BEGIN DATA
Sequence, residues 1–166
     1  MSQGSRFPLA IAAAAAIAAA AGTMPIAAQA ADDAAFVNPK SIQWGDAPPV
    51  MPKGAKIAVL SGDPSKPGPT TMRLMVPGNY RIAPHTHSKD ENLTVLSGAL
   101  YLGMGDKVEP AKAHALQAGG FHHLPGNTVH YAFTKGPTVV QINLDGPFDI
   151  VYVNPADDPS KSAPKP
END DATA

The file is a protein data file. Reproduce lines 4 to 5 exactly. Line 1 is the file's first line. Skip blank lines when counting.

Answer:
   101  YLGMGDKVEP AKAHALQAGG FHHLPGNTVH YAFTKGPTVV QINLDGPFDI
   151  VYVNPADDPS KSAPKP